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NEWS
By Mike Reicher | May 29, 2012
Mothers who ousted a convicted child molester from their Newport Beach neighborhood in the late 1990s lauded his death Tuesday. James Lee Crummel, 68, hanged himself Sunday while on death row at San Quentin State Prison, authorities announced Tuesday. He was sentenced to death for killing 13-year-old James "Jamie" Trotter, who was on his way to school in Costa Mesa in 1979 when authorities say Crummel kidnapped, sexually abused and then murdered him. Trotter's body wasn't found until several years later, and Crummel wasn't sentenced for the crime until 2004.
LOCAL
By Joseph Serna | February 12, 2010
Last year, Costa Mesa-native and convicted killer Billy Joe Johnson told a jury that he wanted to be sentenced to death because he’d have more freedom on death row than with a life sentence. He said it’d be decades before he ever received a lethal injection. State Sen. Tom Harman however, has proposed a package of legislation that could change that. Through a series of bills, Harman, who is running for election as state attorney general, is looking to speed up the appeals process and change the way executions are carried out, which conceivably could lift a moratorium in effect since 2006.
LOCAL
By Joseph Serna | October 29, 2009
Billy Joe Johnson got what he wanted. Johnson, 46, chuckled and joked with his lawyer as the courtroom clerk Thursday morning read the jury’s recommended death sentence for the convicted killer. The recommendation all but assures that Johnson, already facing life in prison for an earlier murder, will end up on death row, which will afford him more time with other inmates out of his cell, as he wished. If he is sentenced to life without parole, Johnson would rarely leave his one-man cell.
NEWS
By Brianna Bailey | June 25, 2008
State Sen. Tom Harman’s bill to reform the appeals process in death penalty cases found no reprieve from the Assembly Public Safety Committee. The bill was executed this week by a 2-5 vote. Senate Bill 315 would have sped up the appeals process for death row inmates in California by appointing an attorney to each defendant within a year. “In its current form, California’s death penalty appeals process is more of a moratorium on execution than a system of judicial review,” Harman said.
LOCAL
By Joseph Serna | October 27, 2009
With Billy Joe Johnson’s 2006 trip to the witness stand where he confessed to a 2002 murder still fresh in people’s minds, he had a lot to live up to as he took the stand Wednesday. He didn’t disappoint. With a spiked mohawk and a courtroom full of prosecutors and police officers watching intently, Johnson, 46, testified matter-of-factly that authorities haven’t gotten him for all his crimes. “Like what? Murders?” Deputy Dist. Atty.
NEWS
October 15, 2004
Marisa O'Neil When retired Orange County Superior Court Judge Donald McCartin found out a federal court threw out his death-row conviction of Rodney Alcala last year, he knew he wanted to tell his side of the story. McCartin, a former Costa Mesa resident, does just that and tells about sending eight others to death row to Anaheim crime writer Don Lasseter in his book "Perfect Justice." McCartin will be signing copies of the book Saturday at Borders in his old hometown.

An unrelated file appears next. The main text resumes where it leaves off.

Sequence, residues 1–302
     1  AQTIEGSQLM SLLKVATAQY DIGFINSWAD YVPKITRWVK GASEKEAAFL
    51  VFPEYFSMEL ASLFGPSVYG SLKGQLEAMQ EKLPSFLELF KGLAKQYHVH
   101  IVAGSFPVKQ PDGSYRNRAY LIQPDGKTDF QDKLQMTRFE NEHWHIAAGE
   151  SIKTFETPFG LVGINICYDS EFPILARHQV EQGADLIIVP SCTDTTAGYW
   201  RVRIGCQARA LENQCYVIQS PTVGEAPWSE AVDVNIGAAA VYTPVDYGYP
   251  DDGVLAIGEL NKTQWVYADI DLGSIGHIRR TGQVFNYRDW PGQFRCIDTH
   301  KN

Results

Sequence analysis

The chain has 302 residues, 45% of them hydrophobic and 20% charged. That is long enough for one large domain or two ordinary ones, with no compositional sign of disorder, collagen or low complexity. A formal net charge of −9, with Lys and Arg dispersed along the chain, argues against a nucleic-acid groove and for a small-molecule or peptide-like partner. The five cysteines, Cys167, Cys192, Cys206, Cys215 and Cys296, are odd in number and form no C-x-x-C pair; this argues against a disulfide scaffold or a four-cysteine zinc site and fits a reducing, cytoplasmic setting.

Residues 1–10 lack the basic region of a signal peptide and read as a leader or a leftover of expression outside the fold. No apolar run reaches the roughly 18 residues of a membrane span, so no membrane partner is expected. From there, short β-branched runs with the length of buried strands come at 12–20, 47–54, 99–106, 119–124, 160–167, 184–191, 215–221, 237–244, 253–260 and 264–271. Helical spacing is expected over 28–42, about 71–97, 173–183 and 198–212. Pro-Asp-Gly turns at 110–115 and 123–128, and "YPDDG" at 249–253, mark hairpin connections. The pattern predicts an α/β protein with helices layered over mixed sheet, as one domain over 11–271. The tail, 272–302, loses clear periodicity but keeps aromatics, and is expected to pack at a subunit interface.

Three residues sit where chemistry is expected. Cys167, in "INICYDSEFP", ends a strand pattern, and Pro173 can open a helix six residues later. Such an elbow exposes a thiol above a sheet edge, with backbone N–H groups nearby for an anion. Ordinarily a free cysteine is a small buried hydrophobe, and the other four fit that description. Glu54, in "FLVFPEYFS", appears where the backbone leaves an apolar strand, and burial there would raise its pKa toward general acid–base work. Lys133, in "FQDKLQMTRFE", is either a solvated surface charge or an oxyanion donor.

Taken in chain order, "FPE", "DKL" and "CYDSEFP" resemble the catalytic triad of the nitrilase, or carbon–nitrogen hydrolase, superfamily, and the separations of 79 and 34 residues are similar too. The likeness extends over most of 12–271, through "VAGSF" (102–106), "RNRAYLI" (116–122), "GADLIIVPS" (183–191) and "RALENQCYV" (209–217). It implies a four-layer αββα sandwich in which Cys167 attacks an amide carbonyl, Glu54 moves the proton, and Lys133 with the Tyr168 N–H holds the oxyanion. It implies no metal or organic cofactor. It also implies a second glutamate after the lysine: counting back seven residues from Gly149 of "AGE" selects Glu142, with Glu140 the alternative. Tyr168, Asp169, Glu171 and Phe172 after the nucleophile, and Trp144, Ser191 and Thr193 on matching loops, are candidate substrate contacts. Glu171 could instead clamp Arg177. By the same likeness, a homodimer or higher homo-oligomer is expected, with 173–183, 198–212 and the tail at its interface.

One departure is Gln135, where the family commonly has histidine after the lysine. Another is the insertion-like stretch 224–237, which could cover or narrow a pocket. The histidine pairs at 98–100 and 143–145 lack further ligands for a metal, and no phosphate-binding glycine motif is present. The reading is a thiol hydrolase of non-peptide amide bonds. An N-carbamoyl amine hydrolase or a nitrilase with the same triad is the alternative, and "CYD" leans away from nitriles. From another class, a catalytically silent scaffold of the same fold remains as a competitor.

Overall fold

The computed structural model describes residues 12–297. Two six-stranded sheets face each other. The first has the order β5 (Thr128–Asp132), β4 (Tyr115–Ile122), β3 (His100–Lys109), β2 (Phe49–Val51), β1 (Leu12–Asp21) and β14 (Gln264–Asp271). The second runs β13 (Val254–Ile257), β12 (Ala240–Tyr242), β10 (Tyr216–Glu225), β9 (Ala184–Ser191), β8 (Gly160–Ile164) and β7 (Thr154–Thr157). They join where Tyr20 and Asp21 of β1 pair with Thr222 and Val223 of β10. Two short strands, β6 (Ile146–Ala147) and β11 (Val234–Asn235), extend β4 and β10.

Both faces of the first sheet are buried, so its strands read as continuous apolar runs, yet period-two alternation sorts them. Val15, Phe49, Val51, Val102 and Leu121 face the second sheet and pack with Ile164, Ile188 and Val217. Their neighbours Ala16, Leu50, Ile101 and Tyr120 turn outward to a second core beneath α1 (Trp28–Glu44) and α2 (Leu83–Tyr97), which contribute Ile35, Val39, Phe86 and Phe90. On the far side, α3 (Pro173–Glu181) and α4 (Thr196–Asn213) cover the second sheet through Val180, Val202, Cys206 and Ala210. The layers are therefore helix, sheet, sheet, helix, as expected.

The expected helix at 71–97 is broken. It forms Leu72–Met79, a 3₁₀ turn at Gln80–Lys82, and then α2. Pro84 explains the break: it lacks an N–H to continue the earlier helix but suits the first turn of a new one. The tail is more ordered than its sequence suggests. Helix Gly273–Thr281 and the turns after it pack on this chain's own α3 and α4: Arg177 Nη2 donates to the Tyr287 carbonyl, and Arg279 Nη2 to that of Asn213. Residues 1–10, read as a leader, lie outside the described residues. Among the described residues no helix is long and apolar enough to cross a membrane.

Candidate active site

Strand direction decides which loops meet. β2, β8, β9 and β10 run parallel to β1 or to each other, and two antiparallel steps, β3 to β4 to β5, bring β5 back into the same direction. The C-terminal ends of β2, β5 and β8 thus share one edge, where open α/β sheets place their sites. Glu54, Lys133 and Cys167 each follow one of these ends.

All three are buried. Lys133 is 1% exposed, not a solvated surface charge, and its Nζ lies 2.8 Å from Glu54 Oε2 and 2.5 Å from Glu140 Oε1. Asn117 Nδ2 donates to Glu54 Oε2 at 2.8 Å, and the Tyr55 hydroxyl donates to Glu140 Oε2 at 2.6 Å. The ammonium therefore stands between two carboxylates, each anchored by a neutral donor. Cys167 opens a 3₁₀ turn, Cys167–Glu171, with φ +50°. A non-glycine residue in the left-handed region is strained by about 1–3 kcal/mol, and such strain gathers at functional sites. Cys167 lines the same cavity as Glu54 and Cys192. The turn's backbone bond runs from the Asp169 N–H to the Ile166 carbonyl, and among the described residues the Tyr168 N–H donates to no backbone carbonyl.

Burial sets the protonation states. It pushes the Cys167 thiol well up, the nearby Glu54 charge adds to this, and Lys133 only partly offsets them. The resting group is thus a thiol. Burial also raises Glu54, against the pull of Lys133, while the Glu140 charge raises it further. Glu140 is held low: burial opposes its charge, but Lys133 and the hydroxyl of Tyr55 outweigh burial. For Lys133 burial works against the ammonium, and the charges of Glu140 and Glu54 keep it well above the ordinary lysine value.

NEWS
By Tom Harman | April 15, 2010
Serial killer Rodney James Alcala was sentenced to death two weeks ago. This is the third time in 30 years an Orange County jury has sentenced him to die for the murder and rape of 12-year-old Robin Samsoe. He has been in prison since 1979 and, if California death row statistics hold, he’ll be waiting at least another 18 years before running through his latest set of appeals. The staggering delays in California’s capital punishment system would be comical if not so tragic.
NEWS
November 23, 2009
A judged sentenced convicted killer Billy Joe Johnson to death Monday for his role in the murder of a fellow gang member. Johnson, 46, a Costa Mesa native, stated in previous testimony that he wanted the death penalty rather than life in prison without parole because those on death row get better treatment than prisoners in the general population. Johnson lured fellow Public Enemy Number One gang member Scott Miller to his death — a shooter was waiting — in Anaheim in 2002.
NEWS
March 16, 2003
This week I got the chance to spend some time with an old friend and former Daily Pilot reporter that some of you may remember. Christopher Goffard was a reporter at the Daily Pilot from late 1996 until the spring of 1998. Today, he covers the courts in Tampa Bay for the St. Petersburg Times. He was in Orange County to visit with friends and family who still live in the area. We spent lunch talking over two plates of tasty crab, shrimp and spinach enchiladas at Taco Mesa, one of his favorite haunts while he was working for the Pilot, and caught up with each others lives.
FEATURES
September 22, 2009
Shia The animal industry is a good indicator of hard times when even kittens that look like Shia the tortoiseshell Siamese are slow to be adopted. Many animals need help. There couldn’t be a better time to give your time. We need a foster family for the cat Murphy. See photos of animals at www.animalnetwork.org . Meet cats and kittens for adoption on weekends from noon to 4 p.m. at Fashion Island sponsored by Russo’s Pet Experience or in the caregiver’s home.
ARTICLES BY DATE
NEWS
February 28, 2013